AMAC Exclusive – By The Gallic
Each year as Christmas would approach, in the busy Catholic home of my childhood, the magic of the season would slowly emerge. The tree would be erected, the lights would be hung, and the baking would commence. I come from a large family, with 7 brothers and 2 sisters, and when we sat down to eat, a mountain of food was consumed. With all the boys, there were many hands to help prepare for the holiday, and with the organizational genius of my parents, there was always plenty to do.
When Christmas Eve would come, we would decorate the tree, but it would not be lit. The Advent wreath would be removed and a one with red candles would take its place. The nativity would still be bare, until Christmas morning and we would get ready for Church.
At 6 pm on December 24, by agreement of our neighborhood, something remarkable occurred. My father, being among other things a great salesman, convinced everyone to wait until that time before they lit up their houses. So, on Christmas Eve at 6 PM, every house’s lights would be lit at once, and the dark street would be bathed in the glow of heavenly light. The secret decorating that each family would do was suddenly and without preamble revealed to the street, an amazing spectacle that left us awestruck each year.
Some of the decorations were quite memorable. One year we came up with the idea of putting a ‘Merry Christmas’ on our chimney, which we carefully mounted only to realize that the wind was beating it to pieces, so we hastened to reinforce the mounts. I feel certain we won the ‘non’ competition that year. (Sadly, the sign was destroyed one January as a sudden gust of wind came up as I was taking it down. The choice was either to let go of it or try to fly off the roof. I opted not to fly.)
As I grew older, I often reflected on how this holiday tradition was a fitting reminder of the power of a little light in our darkened world. In the Bible, the Book of Isaiah says that “the people that walked in darkness have seen a great light: they that dwell in the land of the shadow of death, upon them hath the light shined.” It’s a prophecy about the coming of Christ, and the reason we still celebrate the holiday by stringing up lights on our homes.
The crazy thing about darkness is that even the smallest spark of light defeats it. In a dark cave, a single candle can light the entire passage. The greater the darkness, the more powerful the influence of the light. As more candles are lit, the light grows ever more powerful, banishing the darkness from any space.
This is a lesson I return to often when the inevitable philosophic musings creep into my thoughts each holiday season: What does Christmas really mean today? Is it all commercial and bought online or is there something more to be had? In all the noise, is there something we miss?
These are not new questions; they’ve been kicking around for some time. Consider, for instance, the following from Dr. Seuss in 1957, when the Grinch seems puzzled that his theft of the materialistic symbols of Christmas from Whoville can’t darken the light within the hearts of the community:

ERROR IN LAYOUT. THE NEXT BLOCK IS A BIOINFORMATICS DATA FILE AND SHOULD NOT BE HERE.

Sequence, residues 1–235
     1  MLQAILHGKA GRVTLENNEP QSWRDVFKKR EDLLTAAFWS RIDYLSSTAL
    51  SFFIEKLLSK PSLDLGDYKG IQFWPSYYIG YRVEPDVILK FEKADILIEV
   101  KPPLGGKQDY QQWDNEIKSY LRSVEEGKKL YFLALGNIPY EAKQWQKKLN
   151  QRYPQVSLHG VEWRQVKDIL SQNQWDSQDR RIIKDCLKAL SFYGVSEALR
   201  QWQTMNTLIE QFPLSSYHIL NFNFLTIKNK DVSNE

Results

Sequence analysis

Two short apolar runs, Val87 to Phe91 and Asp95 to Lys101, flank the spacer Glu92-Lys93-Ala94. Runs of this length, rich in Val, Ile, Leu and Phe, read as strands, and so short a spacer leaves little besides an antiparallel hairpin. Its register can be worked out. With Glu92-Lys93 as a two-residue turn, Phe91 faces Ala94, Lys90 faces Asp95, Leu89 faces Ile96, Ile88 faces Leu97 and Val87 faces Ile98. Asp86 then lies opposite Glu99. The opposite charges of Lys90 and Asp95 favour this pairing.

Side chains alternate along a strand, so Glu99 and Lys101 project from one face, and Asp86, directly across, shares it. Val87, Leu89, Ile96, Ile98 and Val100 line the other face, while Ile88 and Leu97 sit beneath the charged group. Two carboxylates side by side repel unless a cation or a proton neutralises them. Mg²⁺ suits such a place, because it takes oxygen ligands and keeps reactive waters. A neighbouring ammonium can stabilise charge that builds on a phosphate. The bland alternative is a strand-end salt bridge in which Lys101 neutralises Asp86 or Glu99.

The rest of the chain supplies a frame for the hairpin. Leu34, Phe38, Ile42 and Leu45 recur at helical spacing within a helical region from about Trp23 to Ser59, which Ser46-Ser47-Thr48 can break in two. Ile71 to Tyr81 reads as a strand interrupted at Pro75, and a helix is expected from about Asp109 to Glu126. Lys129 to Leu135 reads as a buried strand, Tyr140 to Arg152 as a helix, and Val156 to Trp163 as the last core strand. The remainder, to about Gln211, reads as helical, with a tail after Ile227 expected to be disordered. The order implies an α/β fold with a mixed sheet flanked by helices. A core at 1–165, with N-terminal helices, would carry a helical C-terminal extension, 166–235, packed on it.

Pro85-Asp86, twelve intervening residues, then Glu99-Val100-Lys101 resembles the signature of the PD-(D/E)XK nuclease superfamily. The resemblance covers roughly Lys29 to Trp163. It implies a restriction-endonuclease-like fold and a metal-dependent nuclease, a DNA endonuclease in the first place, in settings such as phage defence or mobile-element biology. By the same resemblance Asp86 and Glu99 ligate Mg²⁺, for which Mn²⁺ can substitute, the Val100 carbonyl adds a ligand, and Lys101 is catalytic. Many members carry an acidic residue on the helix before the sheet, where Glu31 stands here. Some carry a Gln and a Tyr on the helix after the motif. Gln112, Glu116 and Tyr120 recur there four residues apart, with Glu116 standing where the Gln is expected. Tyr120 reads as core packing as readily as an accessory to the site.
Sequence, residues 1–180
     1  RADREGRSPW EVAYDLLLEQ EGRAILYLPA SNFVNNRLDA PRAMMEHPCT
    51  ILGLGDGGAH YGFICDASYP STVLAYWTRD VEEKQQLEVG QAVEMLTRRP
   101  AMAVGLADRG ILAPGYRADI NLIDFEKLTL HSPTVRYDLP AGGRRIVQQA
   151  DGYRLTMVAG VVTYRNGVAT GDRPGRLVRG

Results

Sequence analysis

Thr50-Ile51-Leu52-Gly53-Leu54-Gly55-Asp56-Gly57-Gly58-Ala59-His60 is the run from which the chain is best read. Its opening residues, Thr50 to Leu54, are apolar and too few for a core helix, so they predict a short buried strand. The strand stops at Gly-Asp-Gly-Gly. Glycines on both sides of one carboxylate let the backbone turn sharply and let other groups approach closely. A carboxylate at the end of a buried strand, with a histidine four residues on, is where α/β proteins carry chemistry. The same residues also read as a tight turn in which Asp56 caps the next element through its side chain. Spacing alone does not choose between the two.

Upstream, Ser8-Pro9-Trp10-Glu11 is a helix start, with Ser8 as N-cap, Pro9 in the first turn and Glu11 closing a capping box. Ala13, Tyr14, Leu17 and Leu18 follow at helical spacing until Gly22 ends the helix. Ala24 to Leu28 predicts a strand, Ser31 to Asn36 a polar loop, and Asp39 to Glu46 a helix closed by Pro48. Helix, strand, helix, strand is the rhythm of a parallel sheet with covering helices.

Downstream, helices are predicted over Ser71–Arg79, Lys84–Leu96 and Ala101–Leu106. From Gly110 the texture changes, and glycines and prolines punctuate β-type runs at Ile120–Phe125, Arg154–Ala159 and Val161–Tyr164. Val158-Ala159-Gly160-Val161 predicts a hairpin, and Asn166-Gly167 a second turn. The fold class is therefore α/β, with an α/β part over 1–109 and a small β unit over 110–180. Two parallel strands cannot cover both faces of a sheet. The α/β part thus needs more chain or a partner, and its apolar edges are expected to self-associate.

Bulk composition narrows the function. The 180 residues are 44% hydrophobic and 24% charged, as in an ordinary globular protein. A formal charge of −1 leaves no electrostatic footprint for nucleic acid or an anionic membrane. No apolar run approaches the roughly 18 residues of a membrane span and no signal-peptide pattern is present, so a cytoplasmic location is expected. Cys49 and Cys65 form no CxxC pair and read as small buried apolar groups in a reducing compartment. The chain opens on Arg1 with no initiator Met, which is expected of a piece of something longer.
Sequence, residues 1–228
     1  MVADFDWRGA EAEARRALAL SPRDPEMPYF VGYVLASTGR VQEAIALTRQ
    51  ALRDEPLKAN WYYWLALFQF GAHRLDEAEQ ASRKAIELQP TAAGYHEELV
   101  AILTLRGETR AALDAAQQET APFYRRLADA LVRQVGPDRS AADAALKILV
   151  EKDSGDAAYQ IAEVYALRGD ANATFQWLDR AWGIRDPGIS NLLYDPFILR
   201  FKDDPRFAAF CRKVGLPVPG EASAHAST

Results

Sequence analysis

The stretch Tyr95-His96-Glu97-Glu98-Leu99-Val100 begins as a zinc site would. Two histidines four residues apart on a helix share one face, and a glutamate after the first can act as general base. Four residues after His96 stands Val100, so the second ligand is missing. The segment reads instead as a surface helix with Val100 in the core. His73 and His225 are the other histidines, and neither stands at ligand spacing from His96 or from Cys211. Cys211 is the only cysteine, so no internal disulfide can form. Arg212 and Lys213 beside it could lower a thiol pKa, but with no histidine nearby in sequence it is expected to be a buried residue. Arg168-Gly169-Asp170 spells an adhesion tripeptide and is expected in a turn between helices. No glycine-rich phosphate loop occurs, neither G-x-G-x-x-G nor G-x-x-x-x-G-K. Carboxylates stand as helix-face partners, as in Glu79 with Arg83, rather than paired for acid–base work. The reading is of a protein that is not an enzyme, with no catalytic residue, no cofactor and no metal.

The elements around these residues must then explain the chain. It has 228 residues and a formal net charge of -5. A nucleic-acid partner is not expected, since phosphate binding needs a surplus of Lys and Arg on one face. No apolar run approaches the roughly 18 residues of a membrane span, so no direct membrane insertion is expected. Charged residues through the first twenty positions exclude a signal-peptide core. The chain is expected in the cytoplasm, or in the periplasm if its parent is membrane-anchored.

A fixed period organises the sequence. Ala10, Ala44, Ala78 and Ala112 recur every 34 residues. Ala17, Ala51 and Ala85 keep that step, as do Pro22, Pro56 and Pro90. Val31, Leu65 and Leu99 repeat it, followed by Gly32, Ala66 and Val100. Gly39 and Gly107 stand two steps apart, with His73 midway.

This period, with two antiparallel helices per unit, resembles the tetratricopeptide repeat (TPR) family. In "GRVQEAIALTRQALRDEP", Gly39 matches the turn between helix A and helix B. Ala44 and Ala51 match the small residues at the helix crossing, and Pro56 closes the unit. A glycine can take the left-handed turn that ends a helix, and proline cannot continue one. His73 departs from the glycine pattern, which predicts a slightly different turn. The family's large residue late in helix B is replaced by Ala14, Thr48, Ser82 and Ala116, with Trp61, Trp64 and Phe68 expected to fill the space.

“It came without ribbons! It came without tags!”
“It came without packages, boxes or bags!”
And after puzzling three hours, till his puzzler was sore, the Grinch thought of something he hadn’t before!
“Maybe Christmas,” he thought, “doesn’t come from a store. Maybe Christmas … perhaps … means a little bit more!”
Christmas does mean quite a bit more. It is about love and peace and light. Gifts, although perhaps the prime symbol of Christmas materialism, are really about expressing our love for others, and sharing the light of the season with them. The dress you give a young granddaughter, which makes her feel like a princess, the rocking horse you give your grandson, from which he can rule the range, do more than entertain, they enlighten these little people to the love of their family. Cookies, cards, a phone call, even a text, all can serve to bring light to the lives of others. On this Christmas Day, in the midst of the dark of winter, isn’t light what we all need? So, bring light to those around you this Christmas, share your love for each other, and don’t let fear of rejection stop you.
After all, this season is about a baby born in a stable to a mother rejected from the inn, a defenseless child who yet is king. All of us who are parents can relate to the birth of a child and inwardly shudder at having done this in a stable. Time is measured from that moment, as everything changed and as the Angels filled the night with light, singing “Glory to God in the highest and Peace on Earth to those of Good Will.”
On some level, our community coming together to share in the lighting of the houses embodied all of those timeless truths about Christmas. As we stood with our families, neighbors, and friends, we were reminded that even in the darkest night, we all had the power to share our light with each other. So, no matter what darkness you may be facing this year, have hope and, like Tiny Tim said, “A Merry Christmas to all, and God bless us, everyone!”
The Gallic is the pen name of an educator with over 30 years of experience, who spends his time helping schools get better at teaching their students and parents happier at sending them to those schools.
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